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Martin Luther King Case

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Kasey Chockalingam 1979 DBQ

Mr. Bass Period 5

The extent to which the federal government followed the principles of laissez faire can be seen as neither great nor minimal. The government held to some principles of laissez faire, but clearly intervened in some aspects of business. It is evident that the government often passed orders in favor of big business at the expense of workers, as well. The government's influence surrounded the issue of railroad land grants, as well as the control of interstate commerce. The Interstate Commerce Act was enacted to limit the freedom and wrongful capital gain of railways to benefit the people. Additionally, the government became involved in dealing with antitrust activities. The Senate passed the Sherman Antitrust Act, heavily influenced by the monopolies, to prevent trade restrictions. It is important to realize that there wasn't an excess of violation, nor was there a complete lack of intervention. Despite the fact that it seemed to be an exceptional way to aid the economy, between 1865 and 1900, many of the federal government policies did violate the principles of laissez-faire.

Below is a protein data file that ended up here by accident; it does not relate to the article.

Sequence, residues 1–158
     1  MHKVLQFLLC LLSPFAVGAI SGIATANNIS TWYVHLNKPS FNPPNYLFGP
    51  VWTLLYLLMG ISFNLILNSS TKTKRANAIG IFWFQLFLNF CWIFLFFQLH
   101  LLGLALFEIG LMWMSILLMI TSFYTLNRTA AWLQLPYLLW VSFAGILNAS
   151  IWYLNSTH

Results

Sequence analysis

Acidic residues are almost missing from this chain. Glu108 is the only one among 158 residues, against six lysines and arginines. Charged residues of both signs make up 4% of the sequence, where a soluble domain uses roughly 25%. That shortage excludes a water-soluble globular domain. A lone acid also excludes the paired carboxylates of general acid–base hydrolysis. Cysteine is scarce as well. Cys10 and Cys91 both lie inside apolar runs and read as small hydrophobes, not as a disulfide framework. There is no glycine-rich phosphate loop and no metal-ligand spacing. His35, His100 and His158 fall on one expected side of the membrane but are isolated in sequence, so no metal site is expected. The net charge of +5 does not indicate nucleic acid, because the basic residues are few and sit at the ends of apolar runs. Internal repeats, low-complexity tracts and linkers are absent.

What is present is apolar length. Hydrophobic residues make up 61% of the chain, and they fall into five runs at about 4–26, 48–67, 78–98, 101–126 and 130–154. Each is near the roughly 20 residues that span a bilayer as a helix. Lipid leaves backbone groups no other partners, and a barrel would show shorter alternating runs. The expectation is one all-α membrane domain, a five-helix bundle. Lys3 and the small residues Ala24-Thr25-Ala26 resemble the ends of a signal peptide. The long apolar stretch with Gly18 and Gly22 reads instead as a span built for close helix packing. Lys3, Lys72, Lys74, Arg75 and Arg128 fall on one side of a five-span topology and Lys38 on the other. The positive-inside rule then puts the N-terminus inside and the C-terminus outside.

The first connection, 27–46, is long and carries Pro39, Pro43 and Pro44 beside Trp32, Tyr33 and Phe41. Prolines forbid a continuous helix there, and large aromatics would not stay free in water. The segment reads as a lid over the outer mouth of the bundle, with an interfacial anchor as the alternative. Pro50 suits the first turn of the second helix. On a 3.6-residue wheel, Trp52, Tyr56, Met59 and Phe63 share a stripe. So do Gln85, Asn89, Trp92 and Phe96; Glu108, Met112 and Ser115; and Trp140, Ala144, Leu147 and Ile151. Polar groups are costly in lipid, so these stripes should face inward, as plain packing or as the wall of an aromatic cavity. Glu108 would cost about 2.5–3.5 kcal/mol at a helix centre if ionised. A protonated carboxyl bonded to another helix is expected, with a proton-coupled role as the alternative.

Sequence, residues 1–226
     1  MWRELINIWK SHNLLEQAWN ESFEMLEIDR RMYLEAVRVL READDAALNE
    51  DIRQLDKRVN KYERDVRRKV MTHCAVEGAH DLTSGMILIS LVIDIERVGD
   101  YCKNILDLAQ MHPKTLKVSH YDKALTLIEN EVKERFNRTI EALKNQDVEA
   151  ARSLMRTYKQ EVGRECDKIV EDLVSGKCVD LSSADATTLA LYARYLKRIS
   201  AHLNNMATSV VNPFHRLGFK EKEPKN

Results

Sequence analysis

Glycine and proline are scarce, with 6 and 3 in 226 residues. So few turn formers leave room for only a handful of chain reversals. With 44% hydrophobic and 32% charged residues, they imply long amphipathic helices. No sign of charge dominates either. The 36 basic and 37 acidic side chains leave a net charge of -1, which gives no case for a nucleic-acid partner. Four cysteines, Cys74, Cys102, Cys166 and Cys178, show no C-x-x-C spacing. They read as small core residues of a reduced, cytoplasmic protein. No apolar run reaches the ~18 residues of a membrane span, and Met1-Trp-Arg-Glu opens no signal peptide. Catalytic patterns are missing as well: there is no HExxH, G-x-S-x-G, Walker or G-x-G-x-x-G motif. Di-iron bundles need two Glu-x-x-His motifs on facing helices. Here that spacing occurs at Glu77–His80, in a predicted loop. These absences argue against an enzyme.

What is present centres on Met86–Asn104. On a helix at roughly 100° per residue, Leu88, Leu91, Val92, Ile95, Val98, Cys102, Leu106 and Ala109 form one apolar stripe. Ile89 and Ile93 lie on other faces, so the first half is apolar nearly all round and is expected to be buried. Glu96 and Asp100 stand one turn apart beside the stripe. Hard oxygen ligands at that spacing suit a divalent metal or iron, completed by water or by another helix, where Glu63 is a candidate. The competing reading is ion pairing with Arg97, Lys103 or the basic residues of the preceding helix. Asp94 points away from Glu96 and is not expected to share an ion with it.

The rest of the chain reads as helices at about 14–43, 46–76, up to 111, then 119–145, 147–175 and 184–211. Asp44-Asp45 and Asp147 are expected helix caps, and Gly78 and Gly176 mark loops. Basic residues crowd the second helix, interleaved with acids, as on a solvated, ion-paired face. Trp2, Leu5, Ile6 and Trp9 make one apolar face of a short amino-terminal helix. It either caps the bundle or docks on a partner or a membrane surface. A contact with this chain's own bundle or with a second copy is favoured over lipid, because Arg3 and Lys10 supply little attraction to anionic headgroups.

It is evident that the government violated laissez-faire on various occasions. The railroad companies were becoming a very successful business during this time period. Much of their success was due to the laissez-faire economic system. However, there were numerous accounts of the government acting in the railroad industry, trying to limit certain aspects of the companies, which clearly and directly contradicted the ideas of a laissez-faire system. One example is when they tried to set a price for the railroad industry, by calling for a "fair rate of freights". (Doc. E) Although this is not a clear-cut standard set for the industry, it became one nonetheless. This is a prime example of a violation of laissez-fair economics. Furthermore,

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